White House Says Agencies Addressing Rogue Social-Media Posts

This photo shows a Twitter post from the National Park Service’s Redwoods National Park account. The National Park Service employees’ Twitter campaign against President Donald Trump has spread to other parks. A day after three climate-related tweets sent out by Badlands National Park were deleted, other park accounts have sent out tweets. This one, by Redwoods National Park in California, notes that redwood groves are nature’s No. 1 carbon sink, which capture greenhouse gas emissions that contribute to global warming. (National Park Service via AP)

(CN) – The White House says government agencies are taking action to address a rash of rogue posts on their social-media pages.

Earlier this week, several news outlets reported that internal emails at a number of federal agencies, including the Environmental Protection Agency and National Park Service, imposed a temporary blackout on news releases and social-media activity.

The action came as the Trump administration announced a freeze on federal hiring, contract approvals and grants awards pending a review by incoming department heads.

The edict sparked a counter offensive led by National Park Service employees who assailed President Donald Trump on his stated skepticism about climate change, complained they were being unfairly muzzled, and vowed to keep trying to get their message out.

After the Badlands National Park Service’s Twitter account had its pro-science tweets deleted, a number of so-called rogue Twitter accounts sprouted up for the parks service, the EPA, the U.S. Dept. of Agriculture and NASA.

The AltUSNatParkService Twitter account launched Tuesday with an announcement that it had been “activated in time of war and censorship to ensure fact-based education” had 1.09 million followers by Thursday afternoon.

By comparison, the official National Park Service twitter account has 384,000 followers.

At the same time, posters on the twitter accounts for two other parks, Redwoods National Park and Golden Gate National Park, both in California, sought to pick up where the poster at Badlands National Park left off, tweeting about greenhouse gas emissions and climbing global temperatures.

Death Valley National Park tweeted photos of Japanese Americans interned there during World War II, a message interpreted as a protest against  Trump’s pledge to ban Muslims from entering the country and restrict the flow of refugees to the United States.

White House press secretary Sean Spicer told reporters Wednesday that the tweets on park service twitter sites were posted by an unauthorized user who used an old password to log into the Twitter account from the park service’s San Francisco office.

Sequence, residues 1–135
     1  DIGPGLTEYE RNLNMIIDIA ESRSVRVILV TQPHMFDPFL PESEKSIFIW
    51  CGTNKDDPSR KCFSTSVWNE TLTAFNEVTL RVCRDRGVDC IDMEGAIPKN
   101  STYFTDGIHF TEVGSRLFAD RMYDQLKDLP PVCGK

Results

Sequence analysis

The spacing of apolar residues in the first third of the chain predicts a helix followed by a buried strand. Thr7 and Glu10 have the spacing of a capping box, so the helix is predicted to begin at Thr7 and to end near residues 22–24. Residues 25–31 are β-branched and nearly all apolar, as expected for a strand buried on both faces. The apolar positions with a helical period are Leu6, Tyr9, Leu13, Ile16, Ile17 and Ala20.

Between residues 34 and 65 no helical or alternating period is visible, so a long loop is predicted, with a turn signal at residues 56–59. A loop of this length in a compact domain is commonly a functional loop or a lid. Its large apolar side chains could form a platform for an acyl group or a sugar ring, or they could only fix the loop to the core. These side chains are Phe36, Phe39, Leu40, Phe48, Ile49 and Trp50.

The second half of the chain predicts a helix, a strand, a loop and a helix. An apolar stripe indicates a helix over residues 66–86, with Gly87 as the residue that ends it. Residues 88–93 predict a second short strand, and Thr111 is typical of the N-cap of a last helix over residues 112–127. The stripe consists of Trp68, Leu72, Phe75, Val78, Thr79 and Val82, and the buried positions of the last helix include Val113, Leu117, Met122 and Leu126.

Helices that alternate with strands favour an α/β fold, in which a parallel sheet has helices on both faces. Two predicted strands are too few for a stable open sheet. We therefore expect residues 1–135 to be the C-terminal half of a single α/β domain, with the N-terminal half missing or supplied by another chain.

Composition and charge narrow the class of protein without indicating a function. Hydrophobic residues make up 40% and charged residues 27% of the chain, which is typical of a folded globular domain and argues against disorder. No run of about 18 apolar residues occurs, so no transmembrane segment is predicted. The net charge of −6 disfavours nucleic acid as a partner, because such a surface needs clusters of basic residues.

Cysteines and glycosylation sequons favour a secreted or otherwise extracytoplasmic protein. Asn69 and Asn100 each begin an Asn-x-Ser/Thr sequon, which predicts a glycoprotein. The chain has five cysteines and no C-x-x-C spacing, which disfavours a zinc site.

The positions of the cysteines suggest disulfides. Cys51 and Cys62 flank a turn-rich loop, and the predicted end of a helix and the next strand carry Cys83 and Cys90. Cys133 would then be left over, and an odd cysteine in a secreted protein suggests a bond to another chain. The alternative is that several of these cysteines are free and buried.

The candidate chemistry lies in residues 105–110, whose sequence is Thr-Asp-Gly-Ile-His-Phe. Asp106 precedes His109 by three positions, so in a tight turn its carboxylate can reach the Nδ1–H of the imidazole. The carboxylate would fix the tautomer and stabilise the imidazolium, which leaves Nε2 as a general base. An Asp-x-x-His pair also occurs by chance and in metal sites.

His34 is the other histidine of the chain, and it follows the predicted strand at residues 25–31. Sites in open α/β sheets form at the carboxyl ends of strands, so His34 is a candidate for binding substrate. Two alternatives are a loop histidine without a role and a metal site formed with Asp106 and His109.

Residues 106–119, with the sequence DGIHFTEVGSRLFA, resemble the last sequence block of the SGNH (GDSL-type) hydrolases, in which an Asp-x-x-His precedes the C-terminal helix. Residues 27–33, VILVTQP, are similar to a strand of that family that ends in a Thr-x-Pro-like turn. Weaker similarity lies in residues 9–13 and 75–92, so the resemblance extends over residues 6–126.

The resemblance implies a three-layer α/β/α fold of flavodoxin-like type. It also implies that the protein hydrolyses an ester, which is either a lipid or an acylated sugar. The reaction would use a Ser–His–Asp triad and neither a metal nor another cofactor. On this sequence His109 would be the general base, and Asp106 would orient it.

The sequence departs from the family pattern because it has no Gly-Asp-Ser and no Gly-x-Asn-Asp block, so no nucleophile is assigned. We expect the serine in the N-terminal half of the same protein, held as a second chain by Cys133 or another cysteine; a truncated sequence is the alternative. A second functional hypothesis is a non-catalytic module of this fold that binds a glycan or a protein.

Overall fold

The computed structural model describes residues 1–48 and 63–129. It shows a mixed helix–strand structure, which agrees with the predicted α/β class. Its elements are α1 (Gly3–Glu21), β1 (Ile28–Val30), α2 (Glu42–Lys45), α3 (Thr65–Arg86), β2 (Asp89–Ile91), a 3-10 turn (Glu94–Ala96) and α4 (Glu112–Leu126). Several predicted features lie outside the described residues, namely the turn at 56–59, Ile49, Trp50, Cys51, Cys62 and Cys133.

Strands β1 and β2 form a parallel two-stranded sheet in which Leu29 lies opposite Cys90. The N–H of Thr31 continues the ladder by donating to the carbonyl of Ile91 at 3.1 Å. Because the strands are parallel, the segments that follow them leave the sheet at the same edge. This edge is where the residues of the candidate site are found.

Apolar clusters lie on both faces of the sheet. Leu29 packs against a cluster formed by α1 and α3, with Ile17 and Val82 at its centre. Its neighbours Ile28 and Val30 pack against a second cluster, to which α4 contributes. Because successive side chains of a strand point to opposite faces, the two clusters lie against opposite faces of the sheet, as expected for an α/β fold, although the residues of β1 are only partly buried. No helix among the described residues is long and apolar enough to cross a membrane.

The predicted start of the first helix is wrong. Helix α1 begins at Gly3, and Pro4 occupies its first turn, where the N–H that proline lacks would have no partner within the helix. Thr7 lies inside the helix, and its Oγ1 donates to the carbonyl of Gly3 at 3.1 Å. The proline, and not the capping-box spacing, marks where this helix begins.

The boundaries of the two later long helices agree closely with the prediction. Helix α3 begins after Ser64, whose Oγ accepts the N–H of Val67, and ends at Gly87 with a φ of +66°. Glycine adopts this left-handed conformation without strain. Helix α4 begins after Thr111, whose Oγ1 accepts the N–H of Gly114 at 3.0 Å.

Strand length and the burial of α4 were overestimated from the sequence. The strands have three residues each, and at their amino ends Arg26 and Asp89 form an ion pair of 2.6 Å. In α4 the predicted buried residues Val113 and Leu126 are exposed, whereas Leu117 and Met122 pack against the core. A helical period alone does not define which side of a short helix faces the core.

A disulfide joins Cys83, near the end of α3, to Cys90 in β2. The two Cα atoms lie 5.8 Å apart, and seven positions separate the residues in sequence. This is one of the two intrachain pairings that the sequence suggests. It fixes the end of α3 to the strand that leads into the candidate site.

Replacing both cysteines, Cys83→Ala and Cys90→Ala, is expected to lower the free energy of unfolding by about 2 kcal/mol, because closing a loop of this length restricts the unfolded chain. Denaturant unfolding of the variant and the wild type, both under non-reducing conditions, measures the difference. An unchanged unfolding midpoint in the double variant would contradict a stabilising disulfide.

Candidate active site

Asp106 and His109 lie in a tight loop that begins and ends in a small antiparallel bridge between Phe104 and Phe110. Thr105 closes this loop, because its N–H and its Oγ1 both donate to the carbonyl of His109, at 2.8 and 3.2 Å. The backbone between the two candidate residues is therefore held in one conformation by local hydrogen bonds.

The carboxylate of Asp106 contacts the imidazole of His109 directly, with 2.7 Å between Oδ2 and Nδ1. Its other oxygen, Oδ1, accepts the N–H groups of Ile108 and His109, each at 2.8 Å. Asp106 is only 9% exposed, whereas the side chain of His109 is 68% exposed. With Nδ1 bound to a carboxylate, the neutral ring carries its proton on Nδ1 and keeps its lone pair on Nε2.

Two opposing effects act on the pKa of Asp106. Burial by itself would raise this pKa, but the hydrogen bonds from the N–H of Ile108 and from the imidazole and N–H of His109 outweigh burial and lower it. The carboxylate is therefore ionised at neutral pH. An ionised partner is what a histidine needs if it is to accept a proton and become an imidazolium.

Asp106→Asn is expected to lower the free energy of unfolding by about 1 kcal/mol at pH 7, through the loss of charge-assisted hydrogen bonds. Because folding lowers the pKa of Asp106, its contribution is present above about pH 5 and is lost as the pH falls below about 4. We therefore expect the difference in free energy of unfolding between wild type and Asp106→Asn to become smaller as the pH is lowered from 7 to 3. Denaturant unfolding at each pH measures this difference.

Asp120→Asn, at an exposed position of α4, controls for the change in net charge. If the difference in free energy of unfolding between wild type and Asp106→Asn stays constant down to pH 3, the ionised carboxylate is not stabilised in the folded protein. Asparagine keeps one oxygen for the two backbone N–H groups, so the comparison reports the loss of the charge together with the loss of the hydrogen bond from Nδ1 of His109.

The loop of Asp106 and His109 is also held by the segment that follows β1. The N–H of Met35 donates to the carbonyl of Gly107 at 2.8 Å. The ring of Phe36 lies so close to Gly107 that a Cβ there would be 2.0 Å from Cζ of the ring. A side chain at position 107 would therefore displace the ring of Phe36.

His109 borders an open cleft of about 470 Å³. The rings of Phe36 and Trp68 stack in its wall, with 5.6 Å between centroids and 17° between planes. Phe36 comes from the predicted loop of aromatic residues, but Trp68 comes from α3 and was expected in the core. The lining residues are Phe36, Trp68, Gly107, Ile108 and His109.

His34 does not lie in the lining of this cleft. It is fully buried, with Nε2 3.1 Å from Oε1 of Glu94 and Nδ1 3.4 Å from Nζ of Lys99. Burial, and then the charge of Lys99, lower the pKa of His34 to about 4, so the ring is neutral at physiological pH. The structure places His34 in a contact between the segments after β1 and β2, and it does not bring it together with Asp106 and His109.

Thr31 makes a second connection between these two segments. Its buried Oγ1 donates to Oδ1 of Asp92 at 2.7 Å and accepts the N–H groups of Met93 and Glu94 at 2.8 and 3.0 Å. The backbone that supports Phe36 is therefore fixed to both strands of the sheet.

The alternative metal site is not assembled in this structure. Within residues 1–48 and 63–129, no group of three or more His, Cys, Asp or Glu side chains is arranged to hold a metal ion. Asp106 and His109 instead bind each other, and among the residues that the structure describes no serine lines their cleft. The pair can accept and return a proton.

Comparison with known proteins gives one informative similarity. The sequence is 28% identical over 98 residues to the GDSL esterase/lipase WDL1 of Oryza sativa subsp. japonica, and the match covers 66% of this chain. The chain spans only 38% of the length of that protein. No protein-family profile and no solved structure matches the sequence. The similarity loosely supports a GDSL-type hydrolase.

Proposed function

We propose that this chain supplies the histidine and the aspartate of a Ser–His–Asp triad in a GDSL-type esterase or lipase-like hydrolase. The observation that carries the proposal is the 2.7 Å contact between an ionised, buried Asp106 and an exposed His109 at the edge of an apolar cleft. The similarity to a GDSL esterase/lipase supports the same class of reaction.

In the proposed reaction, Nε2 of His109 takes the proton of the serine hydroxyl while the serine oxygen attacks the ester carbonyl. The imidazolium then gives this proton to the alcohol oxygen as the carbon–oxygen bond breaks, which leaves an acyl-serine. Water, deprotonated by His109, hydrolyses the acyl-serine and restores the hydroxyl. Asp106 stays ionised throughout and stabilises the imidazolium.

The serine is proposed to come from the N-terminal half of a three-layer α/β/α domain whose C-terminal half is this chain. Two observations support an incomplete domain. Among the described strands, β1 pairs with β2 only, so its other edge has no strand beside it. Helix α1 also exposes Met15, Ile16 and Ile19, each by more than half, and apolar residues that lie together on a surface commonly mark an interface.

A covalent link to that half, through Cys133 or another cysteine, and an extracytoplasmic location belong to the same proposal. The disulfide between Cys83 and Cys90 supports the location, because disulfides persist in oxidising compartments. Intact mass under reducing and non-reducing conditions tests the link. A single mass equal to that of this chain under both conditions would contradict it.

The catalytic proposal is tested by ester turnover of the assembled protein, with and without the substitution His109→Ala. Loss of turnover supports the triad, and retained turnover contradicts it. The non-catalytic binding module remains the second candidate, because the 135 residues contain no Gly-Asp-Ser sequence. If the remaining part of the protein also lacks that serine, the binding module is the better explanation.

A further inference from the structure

Spicer characterized the tweets as being about “inappropriate things that were in violation of their policy.”

Tweets were also sent Tuesday from the Defense Department’s official account that took issue with President Trump’s statements on the readiness of the military and the value of NATO.

On Wednesday, a “Rogue NASA” account went live on Twitter and 24 hours later it has 440,000 followers.

In its twitter profile, the account describes itself as the “unofficial resistance team:”at NASA. Its tweets have focused on climate change and criticism of President Donald Trump.

Spicer said all of these issues are currently being addressed, and on Thursday the Department of Agriculture appeared to be the first effected agency given the okay to resume its normal social-media activities.

The department issued a statement saying  the internal email that touched off the rancor among federal workers was sent out “without departmental direction and prior to departmental guidance being issued.”

The statement went on to say that department research staff will soon be provided with new directives.

Allaying concerns over censorship of scientific work and data, the USDA added that “peer-reviewed scientific papers from the unit should not be blocked” and that its commitment to “maintaining the free flow of information between our scientists and the American public” remains intact.

And at NASA, spokeswoman Karen Northon said the agency has heard nothing from the Trump administration regarding social-media use, and that as regards that use, it’s “business as usual.”

The imbroglio followed  a heavy-handed attempt at image management hours after Donald Trump was sworn in as the nation’s 45th president on Friday.

As the swearing-in ceremony was going on, a New York Times reporter tweeted side-by-side aerial photos comparing the crowd at Trump’s inaugural to the crowd at President Barack Obama’s inaugural in 2009.

It was soon retweeted by employees at the National Park Service, a branch of the Interior Department.

As the inaugural festivities continued into Friday night, Interior Department officials reportedly warned employees to curb their social-media usage, at least through the weekend.

The rogue tweets followed shortly thereafter.

Representatives of the effected agencies could not immediately be reached for comment.

The Associated Press contributed to this report.

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